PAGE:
Harm Reduction Policy and Practice: Syringe Exchange Programs and Naloxone Training

Class Description: Harm Reduction is a philosophy, social movement, and public health approach to drug use that acknowledges the realities of humans’ relationships to legal and illicit substances. Brought to the United States in the 1980s from Europe, harm reduction has traditionally been practiced by communities of people who use drugs as a means of radical self care and mutual support. Harm reduction works to empower individuals to keep themselves and their communities safe, healthy, and alive while using drugs. Traditional harm reduction services and programs include needle exchange programs and community-based opioid overdose prevention programs that distribute naloxone, the opiate overdose antagonist. Today, such programs are viewed by the Centers for Disease Control and Prevention and the World Health Organization as key components of the response to the U.S. opioid crisis. This session will provide participants with an introduction to the philosophy of harm reduction, and the evidence-base for syringe exchange programs, including their role in reducing the transmission of infectious disease and connecting individuals to drug treatment programs. Participants will learn about advocacy efforts to create legal syringe exchange programs in Iowa, as well as existing underground syringe exchange networks in the state. Further, participants will explore opioid overdose prevention programs and evidence-based strategies to reduce overdose deaths, and will learn to administer naloxone to reverse an overdose.

About the Instructors:

Sarah Ziegenhorn is the Executive Director and co-founder of the Iowa Harm Reduction Coalition (IHRC). As Executive Director she oversees the organization’s community outreach, overdose prevention, legislative advocacy, and harm reduction education programs, as well as development and evaluation. Sarah has worked with people who use drugs for over six years, including with the Washington, D.C. syringe service program HIPS. Before founding IHRC, she was the Special Assistant to the President and Research Associate with the Washington, D.C. health policy think tank, the Institute of Medicine of the National Academy of Sciences. She has an extensive background in public health and health care policy research, project management, communications; and fundraising, grant writing, grant administration and evaluation. Sarah graduated from Macalester College with a degree in Geography and Community Health. She is currently an M.D. candidate at the University of Iowa Carver College of Medicine, where her research interests include ethnography, women’s health care disparities, and substance use during pregnancy. Sarah is the recipient of the 2017 U.S. Public Health Service “Excellence in Public Health” award. She is also a native Iowan, growing up both on her family’s farm near Muscatine, IA and in Iowa City. Sarah is a yoga teacher (200-RYT) and lives in Iowa City with her partner and her dog, Callie.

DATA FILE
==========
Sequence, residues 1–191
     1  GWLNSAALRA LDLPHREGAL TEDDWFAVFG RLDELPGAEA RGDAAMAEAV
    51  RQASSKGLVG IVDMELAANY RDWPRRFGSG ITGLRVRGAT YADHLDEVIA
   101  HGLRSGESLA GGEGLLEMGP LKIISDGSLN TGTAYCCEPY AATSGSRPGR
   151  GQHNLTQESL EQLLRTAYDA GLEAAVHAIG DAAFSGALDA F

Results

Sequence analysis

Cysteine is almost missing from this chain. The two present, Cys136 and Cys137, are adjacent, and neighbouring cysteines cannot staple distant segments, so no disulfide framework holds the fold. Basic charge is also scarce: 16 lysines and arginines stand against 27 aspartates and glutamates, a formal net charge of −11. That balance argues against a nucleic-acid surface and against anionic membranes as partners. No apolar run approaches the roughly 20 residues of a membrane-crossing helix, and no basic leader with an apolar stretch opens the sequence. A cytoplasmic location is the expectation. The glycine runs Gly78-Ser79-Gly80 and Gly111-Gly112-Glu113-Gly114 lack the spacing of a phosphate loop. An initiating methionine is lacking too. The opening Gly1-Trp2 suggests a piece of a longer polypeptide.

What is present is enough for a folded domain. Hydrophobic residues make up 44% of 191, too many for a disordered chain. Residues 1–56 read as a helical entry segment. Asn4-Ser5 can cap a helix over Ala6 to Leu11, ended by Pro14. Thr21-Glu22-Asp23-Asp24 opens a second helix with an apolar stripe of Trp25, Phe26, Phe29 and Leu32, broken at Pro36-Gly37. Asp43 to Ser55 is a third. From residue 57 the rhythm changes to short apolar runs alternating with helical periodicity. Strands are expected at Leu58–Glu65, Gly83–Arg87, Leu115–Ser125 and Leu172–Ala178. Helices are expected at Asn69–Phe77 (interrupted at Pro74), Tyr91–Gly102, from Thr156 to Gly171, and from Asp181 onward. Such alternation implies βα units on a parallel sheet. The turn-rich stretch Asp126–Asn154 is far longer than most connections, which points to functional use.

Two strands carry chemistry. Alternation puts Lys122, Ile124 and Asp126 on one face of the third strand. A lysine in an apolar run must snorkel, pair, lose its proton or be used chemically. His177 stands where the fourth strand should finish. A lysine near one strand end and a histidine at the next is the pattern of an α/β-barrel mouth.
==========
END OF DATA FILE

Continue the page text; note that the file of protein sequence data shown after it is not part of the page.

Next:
Alex Flesher is the Advocacy and Communications Coordinator for the Iowa Harm Reduction Coalition (IHRC). He was raised in Des Moines, IA, and before IHRC he was a Community Organizer for the League of Conservation Voters where he mobilized support for state and federal environmental policy issues. He graduated from the University of Iowa with degrees in English and Philosophy, and currently works with people with disabilities as a Direct Support Professional for MYEP. He has a personal understanding of the difficulties and stigma surrounding living with addiction, and believes in the inherent dignity of each person regardless of lifestyle choices. He lives in Iowa City with his partner Elissa and their two cats, and plays banjo with local group Flash in a Pan.

 

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